A brief clip here from the BBC4 programme The Mary Rose – A Timewatch Guide, the segment featuring the longbows and arrows pulled off the ship, and the testing of one of them to destruction. The actor Robert Hardy, later to play Cornelius Fudge in the Harry Potter films, was part of this project as one of the country’s foremost longbow experts.
If you don’t know, the Mary Rose was a Tudor warship in the navy of King Henry VIII which sank off the coast of Britain in 1545. The well-preserved remains were raised off the seabed in 1982 in the greatest maritime archaeology project in history, and have been yielding up secrets ever since. As for the bows, here’s what Wikipedia has to say:
“A total of 250 longbows were carried on board, and 172 of these have so far been found, as well as almost 4000 arrows, bracers (arm guards) and other archery-related equipment... Longbow archery in Tudor England was mandatory for all able adult men, and despite the introduction of field artillery and handguns, they were used alongside new missile weapons in great quantities…There were several types of bows of various size and range. Lighter bows would have been used as “sniper” bows, while the heavier design could possibly have been used to shoot fire arrows.”
The warbows found on board were extremely heavy – up to 185lb in draw weight. Famously, the scientists managed to identify several likely archers among the hundred plus skeletons found on the wreck, based on their shoulder blades. Anyway, enjoy.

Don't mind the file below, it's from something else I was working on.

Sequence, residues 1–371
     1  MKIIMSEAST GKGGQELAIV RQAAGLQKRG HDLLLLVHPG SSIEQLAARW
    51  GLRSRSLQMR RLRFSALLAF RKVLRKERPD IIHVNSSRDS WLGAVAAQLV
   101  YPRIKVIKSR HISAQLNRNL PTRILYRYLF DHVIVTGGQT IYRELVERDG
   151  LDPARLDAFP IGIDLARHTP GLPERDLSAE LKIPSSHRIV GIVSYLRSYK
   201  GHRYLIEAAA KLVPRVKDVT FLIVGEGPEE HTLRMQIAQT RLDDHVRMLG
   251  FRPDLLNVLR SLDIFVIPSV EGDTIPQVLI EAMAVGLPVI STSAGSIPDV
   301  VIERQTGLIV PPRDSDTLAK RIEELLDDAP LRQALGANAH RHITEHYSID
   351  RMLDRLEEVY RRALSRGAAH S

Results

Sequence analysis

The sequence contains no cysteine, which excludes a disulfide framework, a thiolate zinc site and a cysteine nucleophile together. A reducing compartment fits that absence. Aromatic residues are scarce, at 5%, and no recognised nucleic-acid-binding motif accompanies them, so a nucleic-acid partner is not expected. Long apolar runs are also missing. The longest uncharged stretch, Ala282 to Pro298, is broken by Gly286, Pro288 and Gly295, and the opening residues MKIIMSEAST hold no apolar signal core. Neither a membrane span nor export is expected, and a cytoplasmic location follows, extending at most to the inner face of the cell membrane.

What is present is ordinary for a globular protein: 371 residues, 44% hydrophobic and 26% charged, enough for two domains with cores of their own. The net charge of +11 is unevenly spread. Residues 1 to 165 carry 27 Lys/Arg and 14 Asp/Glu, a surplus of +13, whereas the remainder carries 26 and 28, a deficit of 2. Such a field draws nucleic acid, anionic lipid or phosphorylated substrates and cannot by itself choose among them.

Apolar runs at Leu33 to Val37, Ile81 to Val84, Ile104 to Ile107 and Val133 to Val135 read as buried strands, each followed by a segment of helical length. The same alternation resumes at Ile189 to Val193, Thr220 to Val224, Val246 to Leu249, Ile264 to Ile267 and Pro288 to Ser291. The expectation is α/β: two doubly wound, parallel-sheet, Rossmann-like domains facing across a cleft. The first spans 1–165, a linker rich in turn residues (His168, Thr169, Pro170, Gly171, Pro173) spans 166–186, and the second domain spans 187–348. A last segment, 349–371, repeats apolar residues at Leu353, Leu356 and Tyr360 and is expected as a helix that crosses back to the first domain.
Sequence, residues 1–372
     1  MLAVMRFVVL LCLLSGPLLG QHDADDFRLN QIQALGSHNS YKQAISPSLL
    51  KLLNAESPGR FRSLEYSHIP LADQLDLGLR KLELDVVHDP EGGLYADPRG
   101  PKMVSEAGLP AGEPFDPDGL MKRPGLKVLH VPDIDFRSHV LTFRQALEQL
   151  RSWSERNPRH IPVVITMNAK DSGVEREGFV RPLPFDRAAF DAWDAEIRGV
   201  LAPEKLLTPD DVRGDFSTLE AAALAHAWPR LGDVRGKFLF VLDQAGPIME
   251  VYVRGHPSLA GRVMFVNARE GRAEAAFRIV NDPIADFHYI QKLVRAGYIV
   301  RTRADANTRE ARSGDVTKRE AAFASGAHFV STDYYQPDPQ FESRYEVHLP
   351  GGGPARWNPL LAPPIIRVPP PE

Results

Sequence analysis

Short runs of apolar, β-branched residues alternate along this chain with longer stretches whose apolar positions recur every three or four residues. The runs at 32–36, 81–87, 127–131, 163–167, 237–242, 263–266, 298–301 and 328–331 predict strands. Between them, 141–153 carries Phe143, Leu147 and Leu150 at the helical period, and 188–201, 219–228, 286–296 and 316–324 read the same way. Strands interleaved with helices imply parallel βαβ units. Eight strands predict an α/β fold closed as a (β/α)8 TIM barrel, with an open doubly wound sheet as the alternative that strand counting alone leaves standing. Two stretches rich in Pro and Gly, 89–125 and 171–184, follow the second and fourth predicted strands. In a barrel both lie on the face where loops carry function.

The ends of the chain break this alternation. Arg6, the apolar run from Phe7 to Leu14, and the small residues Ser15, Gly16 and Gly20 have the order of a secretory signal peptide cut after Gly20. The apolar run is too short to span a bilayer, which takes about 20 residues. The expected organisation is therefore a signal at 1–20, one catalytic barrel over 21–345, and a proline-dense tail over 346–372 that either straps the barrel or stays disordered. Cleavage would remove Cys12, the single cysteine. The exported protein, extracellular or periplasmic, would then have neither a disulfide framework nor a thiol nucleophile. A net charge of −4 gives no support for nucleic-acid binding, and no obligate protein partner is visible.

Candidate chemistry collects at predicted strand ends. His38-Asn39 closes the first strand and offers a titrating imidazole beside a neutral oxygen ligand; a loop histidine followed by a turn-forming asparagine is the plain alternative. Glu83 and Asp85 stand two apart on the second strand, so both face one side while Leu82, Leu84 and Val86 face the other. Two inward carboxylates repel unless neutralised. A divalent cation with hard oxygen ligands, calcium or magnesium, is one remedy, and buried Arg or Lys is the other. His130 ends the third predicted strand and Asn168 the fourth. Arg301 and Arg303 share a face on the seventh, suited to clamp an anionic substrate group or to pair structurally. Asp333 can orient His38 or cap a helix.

Am currently watching the BBC’s big-budget adaptation of Tudor epic Wolf Hall, resplendent in its complex plotting, full-service costuming, and dense candlelit dialogue.
This week’s episode featured some hot longbow action involving the leads, and incredibly… they got it right. Have a look:
Cromwell draws to his ear (pretty much) and doesn’t hold, and from the tension at full draw from both actors it even appears they are using real longbows, instead of the stick-with-a-bit-of-elastic of your average Robin Hood knockabout. Although: should they be wearing shooting gloves, in the 1500s? Perhaps someone can confirm.
Thanks to Rik, Butt Face, Bimble, Raven’s Eye, and Matthames over at A.I.
Great piece from The Londonist about archery practice in London in the good old days. If I want to shoot after work I have to head at least three miles north of the river. 450 years ago I could have strolled down the road with my longbow and got busy – in Tudor Englynde people shot at ‘standing pricks’ in the middle of the City. [Insert your own joke here]. I think they were just tall posts or marks to shoot at; people still do things like that today:
As for the ‘standing pricks’ bit, well I know that post-Chaucerian English was far, far bawdier and ruder at all levels of society than it is now (post Puritans / Victorians). Such a ‘hilarious’ comparison wouldn’t have seemed nearly as rude back then – witness the Shakespearean double-entrendres of a generation or so later.
London was of course a walled city in those days. You have to look long and hard for traces of the wall now, although the gate names on that map above such as ‘Moor Gate’ and ‘Byshoppesgate’ are still very much in use. The Londonist get a mild smack on the wrist for the oft-repeated assertion that the famous mandatory archery practice laws are still in force in the UK, when they were actually repealed a looong time ago.
‘Fynnesbury Fields’ only remains as Finsbury Square, near to Liverpool Street station.